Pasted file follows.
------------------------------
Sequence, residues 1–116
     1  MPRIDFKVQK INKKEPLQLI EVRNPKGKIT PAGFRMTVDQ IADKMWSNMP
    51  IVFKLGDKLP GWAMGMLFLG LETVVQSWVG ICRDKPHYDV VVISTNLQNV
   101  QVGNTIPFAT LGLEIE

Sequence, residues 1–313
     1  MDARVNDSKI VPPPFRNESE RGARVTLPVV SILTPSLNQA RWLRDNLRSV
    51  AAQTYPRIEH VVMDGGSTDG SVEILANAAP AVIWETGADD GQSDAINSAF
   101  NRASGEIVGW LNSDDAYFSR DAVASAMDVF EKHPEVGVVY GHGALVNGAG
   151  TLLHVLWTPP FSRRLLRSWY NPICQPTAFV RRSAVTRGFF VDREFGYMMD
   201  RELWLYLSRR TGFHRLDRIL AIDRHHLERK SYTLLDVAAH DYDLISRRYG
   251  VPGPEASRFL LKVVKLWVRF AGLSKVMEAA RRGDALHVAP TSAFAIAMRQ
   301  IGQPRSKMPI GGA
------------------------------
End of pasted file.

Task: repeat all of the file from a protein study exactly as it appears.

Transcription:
Sequence, residues 1–116
     1  MPRIDFKVQK INKKEPLQLI EVRNPKGKIT PAGFRMTVDQ IADKMWSNMP
    51  IVFKLGDKLP GWAMGMLFLG LETVVQSWVG ICRDKPHYDV VVISTNLQNV
   101  QVGNTIPFAT LGLEIE

Sequence, residues 1–313
     1  MDARVNDSKI VPPPFRNESE RGARVTLPVV SILTPSLNQA RWLRDNLRSV
    51  AAQTYPRIEH VVMDGGSTDG SVEILANAAP AVIWETGADD GQSDAINSAF
   101  NRASGEIVGW LNSDDAYFSR DAVASAMDVF EKHPEVGVVY GHGALVNGAG
   151  TLLHVLWTPP FSRRLLRSWY NPICQPTAFV RRSAVTRGFF VDREFGYMMD
   201  RELWLYLSRR TGFHRLDRIL AIDRHHLERK SYTLLDVAAH DYDLISRRYG
   251  VPGPEASRFL LKVVKLWVRF AGLSKVMEAA RRGDALHVAP TSAFAIAMRQ
   301  IGQPRSKMPI GGA